It seemed only appropriate local Portrush born-and-bred Graeme McDowell should be the first to play an official practice around at the now fully prepared Open Championship host venue, his beloved Royal Portrush, and he declared he will be looking to compete, not just enjoy the excitement of competing in his ‘home’ 148th Open Championship.
The host Royal Portrush course had been closed to visitors since May 31st and it was then closed to club members on June 30th, with only those competing in golf’s oldest major now eligible to play the course that last hosted the event in 1951.
And the first to play an official pre-Open practice round was McDowell who took to the course on Monday in bright but breezy conditions.
“The golf course just looks fantastic and it is so unusual to come to a golf course that I have never seen grandstands on,” said McDowell to BBC Northern Ireland.
“Typically where we play, we see golf courses with stands so it’s unusual to see them without stands, so that’s why it’s great back here to my home town and to play this golf course with all the great memories I have here.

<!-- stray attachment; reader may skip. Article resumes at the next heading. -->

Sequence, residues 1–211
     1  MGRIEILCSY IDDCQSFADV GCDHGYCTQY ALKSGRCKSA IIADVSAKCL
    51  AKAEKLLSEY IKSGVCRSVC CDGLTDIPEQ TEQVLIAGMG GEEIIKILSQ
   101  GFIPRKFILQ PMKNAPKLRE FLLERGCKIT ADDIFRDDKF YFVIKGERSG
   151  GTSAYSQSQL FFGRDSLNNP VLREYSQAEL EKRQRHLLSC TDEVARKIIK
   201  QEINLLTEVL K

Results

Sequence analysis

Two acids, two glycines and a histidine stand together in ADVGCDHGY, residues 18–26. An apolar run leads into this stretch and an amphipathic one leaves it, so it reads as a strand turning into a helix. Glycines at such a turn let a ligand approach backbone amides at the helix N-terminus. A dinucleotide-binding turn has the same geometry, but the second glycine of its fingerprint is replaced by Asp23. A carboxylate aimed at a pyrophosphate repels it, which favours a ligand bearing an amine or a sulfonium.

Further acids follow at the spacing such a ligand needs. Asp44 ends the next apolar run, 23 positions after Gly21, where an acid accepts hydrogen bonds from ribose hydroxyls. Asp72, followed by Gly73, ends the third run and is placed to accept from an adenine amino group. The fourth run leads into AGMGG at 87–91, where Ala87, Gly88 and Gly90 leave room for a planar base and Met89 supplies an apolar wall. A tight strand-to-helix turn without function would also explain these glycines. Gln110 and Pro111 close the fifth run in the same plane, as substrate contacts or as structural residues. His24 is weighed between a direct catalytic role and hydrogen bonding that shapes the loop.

“To see it all prepared for The Open as it such a big show here and they’ve done such a great job with the infrastructure. There is so many great viewing spots for the fans and I imagine it is going to be an amazing week.”
Having honed his now 15 pro-career winning career at Royal Portrush there will be no-one prouder than McDowell to hear his name called when he steps onto the first tee sometime on Thursday, July 18th.
“The first tee looks cool and there’s some nice seating around the tee and it will be a special moment standing on that first tee on Thursday morning and hearing my name being announced from Portrush in Northern Ireland, and it will be the start of what is going to be hopefully a special weekend.
“It’s important I don’t come here to enjoy the atmosphere as I will coming back here to compete.
“Also, there is no better walk in golf than the 18th hole at an Open Championship as it has a special look, a special sound and to be here late on Sunday afternoon walking up 18 with a chance to win the Claret Jug that would be the dream on top of the dream.
“For The Open to be back here is a dream come true but to be able to compete and have a chance to win that would be extra special.”
McDowell qualified for what will be his 14th Open Championship, and a first since 2016, having secured one of the qualifying spots on offer after finishing top-10 in last month’s RBC Canadian Open.
He made his Open Championship debut in 2004 at Royal Troon and recorded a best finish of T5th in 2012 at Royal Lytham and St. Annes.